“They know customers can’t be treated like numbers, so they don’t always use email well, or enough,” Well says. “It’s like they forget that the customer likes them already and that the customer wants to know more about their business through email.”
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Personalize the message
To make email marketing effective and generate a higher ROI, restaurants must build a robust email list to spread the word wide and far.
Fortunately, there are many ways to do this, whether via the low-tech route of sign-up cards at every table, or through point-of-purchase reminders that lead customers to sign up online. Both options are highly successful in enticing customers to contribute information.
The best lists are those that capture the most information about each customer. Not only does that cover the basics of names and email addresses, but also the next steps, such as birthdays and special anniversaries, preferred menu items — even favorite sports teams. Clever operators know to build special events around big games to encourage like-minded customers to join in the fun.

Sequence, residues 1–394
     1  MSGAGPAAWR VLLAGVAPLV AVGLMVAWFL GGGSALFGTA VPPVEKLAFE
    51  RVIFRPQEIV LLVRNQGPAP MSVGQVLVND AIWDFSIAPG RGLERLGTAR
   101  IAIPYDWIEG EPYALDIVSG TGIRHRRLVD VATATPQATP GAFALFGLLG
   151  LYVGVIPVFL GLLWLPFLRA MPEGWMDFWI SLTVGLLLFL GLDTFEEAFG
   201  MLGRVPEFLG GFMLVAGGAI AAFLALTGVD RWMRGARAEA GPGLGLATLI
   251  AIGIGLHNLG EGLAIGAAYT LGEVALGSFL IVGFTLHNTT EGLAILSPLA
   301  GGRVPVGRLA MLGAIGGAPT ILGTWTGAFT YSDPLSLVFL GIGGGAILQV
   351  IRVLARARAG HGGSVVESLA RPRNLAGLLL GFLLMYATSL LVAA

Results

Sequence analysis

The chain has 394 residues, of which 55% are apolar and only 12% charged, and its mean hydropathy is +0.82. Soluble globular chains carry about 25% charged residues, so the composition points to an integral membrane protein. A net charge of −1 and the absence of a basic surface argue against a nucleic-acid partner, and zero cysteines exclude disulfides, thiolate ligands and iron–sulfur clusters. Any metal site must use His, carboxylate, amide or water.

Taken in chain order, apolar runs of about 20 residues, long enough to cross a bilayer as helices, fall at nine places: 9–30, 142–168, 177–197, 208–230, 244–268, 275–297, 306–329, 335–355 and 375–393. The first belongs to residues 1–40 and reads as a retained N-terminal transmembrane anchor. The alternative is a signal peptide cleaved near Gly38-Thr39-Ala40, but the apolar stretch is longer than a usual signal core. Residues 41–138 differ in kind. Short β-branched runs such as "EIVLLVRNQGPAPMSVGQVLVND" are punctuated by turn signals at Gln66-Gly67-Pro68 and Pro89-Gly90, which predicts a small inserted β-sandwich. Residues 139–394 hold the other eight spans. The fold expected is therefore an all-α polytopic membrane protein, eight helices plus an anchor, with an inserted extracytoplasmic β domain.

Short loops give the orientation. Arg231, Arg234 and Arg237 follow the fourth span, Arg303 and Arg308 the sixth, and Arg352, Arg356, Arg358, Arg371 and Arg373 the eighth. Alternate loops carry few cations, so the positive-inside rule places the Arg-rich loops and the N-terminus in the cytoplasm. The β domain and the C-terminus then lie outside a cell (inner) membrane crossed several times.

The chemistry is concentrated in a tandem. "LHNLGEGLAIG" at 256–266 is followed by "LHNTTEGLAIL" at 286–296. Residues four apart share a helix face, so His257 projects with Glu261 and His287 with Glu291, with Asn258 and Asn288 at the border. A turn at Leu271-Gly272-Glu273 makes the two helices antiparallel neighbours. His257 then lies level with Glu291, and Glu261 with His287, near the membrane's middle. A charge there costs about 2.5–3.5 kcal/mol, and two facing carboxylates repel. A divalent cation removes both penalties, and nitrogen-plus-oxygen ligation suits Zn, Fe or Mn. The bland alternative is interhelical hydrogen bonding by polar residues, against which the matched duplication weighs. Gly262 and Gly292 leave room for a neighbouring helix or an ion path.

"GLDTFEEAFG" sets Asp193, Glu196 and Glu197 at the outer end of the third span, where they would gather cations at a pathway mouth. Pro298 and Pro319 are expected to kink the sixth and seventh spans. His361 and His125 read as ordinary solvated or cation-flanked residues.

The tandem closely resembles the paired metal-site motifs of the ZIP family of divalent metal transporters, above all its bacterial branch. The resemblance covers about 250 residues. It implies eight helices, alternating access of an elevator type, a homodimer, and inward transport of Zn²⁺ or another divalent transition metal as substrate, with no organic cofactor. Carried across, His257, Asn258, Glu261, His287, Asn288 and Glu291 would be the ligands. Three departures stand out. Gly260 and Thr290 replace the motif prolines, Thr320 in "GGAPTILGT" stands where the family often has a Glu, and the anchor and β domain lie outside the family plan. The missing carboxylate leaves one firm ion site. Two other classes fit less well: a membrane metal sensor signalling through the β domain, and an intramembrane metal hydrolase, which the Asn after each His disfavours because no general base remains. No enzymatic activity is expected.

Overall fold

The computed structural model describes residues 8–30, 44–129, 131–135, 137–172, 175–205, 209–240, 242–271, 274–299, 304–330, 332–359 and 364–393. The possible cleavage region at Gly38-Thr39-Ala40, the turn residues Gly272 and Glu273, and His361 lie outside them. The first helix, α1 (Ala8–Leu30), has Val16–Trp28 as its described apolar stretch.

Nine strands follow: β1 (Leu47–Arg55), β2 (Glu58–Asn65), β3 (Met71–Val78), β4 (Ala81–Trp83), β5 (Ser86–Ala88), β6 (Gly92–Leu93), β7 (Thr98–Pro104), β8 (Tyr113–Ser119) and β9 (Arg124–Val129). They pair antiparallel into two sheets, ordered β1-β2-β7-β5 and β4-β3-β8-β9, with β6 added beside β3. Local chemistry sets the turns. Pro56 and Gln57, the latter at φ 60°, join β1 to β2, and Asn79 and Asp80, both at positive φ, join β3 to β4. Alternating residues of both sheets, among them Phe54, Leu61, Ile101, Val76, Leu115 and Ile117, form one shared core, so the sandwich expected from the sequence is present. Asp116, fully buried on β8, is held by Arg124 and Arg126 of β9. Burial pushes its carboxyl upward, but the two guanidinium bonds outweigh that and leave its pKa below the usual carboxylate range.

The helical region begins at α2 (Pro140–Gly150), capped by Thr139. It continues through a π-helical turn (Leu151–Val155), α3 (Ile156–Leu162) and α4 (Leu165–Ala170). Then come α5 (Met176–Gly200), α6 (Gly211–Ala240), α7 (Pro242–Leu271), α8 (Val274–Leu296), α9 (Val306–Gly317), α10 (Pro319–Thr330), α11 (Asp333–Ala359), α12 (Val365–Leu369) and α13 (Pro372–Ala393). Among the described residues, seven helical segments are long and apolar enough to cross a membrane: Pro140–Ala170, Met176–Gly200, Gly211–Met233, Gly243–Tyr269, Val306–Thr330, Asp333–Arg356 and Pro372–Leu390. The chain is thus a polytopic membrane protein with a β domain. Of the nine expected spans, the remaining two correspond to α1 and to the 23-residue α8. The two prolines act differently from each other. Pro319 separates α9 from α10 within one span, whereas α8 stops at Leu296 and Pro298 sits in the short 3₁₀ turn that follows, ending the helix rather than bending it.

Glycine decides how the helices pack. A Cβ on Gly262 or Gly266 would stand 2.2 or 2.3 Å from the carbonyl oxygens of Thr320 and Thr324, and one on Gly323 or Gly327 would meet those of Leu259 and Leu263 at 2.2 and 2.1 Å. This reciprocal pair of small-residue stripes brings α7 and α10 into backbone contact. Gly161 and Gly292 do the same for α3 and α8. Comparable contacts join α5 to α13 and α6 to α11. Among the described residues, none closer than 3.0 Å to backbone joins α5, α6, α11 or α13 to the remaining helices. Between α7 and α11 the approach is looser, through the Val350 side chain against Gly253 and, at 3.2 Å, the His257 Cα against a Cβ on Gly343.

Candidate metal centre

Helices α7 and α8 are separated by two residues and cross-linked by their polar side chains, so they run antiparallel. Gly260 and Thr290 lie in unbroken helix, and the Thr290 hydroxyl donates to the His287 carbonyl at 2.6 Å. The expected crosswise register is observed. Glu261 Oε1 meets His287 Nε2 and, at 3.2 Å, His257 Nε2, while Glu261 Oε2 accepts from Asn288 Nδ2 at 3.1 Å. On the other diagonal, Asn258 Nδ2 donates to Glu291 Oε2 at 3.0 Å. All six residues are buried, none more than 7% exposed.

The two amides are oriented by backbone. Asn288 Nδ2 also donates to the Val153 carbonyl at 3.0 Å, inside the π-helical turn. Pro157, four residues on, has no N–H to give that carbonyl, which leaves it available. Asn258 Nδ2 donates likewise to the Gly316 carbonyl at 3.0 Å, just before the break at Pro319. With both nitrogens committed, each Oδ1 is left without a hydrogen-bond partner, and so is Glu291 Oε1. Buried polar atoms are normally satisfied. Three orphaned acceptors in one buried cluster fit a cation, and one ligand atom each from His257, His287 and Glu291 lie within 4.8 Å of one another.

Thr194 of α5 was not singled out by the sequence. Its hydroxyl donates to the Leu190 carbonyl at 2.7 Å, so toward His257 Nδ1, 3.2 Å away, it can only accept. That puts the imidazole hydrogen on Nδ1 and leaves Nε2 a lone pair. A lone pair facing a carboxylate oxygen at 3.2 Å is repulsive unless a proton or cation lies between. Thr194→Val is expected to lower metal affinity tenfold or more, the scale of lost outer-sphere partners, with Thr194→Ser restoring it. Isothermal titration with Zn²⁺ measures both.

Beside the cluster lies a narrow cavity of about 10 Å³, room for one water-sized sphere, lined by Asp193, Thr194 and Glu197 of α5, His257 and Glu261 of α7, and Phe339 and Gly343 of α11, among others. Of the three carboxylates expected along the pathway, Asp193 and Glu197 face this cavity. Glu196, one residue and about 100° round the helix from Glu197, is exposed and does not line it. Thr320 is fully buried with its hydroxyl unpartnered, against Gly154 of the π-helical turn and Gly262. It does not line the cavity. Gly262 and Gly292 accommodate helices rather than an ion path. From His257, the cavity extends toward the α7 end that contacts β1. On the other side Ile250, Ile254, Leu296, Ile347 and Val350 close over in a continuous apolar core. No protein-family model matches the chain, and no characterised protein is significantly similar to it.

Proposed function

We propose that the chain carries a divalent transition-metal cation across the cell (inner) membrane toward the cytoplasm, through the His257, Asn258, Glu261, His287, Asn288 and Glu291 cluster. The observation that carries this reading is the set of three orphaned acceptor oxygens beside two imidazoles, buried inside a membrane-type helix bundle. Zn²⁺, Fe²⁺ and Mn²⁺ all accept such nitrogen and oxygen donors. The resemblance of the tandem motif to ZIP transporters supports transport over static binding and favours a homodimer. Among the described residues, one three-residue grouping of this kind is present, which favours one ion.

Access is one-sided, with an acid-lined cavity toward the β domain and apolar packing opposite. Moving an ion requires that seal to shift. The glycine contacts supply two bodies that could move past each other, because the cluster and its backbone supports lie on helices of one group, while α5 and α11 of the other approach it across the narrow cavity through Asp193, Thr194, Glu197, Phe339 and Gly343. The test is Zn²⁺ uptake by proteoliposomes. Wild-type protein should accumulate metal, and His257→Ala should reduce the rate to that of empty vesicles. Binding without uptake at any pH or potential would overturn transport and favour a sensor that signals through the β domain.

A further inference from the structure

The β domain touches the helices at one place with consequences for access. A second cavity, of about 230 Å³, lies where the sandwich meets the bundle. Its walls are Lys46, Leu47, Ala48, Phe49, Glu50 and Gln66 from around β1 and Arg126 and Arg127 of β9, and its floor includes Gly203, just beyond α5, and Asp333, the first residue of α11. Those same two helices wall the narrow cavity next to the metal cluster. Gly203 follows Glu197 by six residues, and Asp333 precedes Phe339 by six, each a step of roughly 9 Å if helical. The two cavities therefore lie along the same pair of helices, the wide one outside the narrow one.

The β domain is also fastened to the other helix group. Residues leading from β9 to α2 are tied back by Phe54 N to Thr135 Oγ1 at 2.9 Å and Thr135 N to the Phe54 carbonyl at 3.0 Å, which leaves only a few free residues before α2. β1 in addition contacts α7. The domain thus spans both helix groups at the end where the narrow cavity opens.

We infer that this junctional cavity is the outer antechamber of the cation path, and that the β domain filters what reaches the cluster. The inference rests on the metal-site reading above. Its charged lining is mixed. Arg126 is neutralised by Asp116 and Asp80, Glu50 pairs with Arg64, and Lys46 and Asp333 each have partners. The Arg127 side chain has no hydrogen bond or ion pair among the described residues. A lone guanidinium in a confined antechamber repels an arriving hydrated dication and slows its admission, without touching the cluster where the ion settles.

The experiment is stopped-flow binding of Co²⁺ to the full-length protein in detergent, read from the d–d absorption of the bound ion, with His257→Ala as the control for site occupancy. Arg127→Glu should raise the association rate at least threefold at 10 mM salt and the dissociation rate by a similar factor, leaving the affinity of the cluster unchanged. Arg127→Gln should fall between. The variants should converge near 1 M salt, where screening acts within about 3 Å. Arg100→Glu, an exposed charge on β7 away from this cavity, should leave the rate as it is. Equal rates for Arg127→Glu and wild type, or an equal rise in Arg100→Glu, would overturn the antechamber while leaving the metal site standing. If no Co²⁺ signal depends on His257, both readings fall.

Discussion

Also, it’s wise to find out what customers want from your email marketing campaigns. Do they want to know about menu updates, promotions, or special events, and clubs tied to your restaurant? Knowing this information allows the operator to better target promotions to email recipients who want them rather than sending out a generic email.
“Not everyone wants the same deal — they want what they want based on who they are,” Wells says. He adds that people who deliberately opt into an email offer, “want to think they’re special, part of a club of customers who are the only ones getting that offer. You don’t put those offers on Facebook.”
You also don’t want to overload customers with promotional emails tied to generic offers, says David Erickson, vice president of online marketing for Minneapolis-based public relations firm, Karwoski & Courage. “Restaurants fall short by offering underwhelming coupons that don’t have enough value,” he says.
Sending emails without a clear idea of who’s receiving them depersonalizes the message and makes it ineffective, says Marc Falsetto, chief executive of JEY Hospitality Group (JHG), a multi-concept company in Fort Lauderdale, Fla.
“When someone supplies their email, they want to be contacted,” says Falsetto, who trains servers to promote the email program when presenting guest checks. “The customers who give us their emails actually want to be part of our loyalty program.”
They also expect to get some swell deals. Falsetto says JHG’s email marketing offers to run the gamut, from food and drink freebies, to fashion-centered giveaways. In every case, the offers are unique.
“On our ladies’ night at Himmarshee Public House, we’ll give away shoes and purses; those get a lot of response,” Falsetto says. Such offers, he adds, can’t be broadcast on the web or in social media. “What we do is always targeted to a specific demographic.”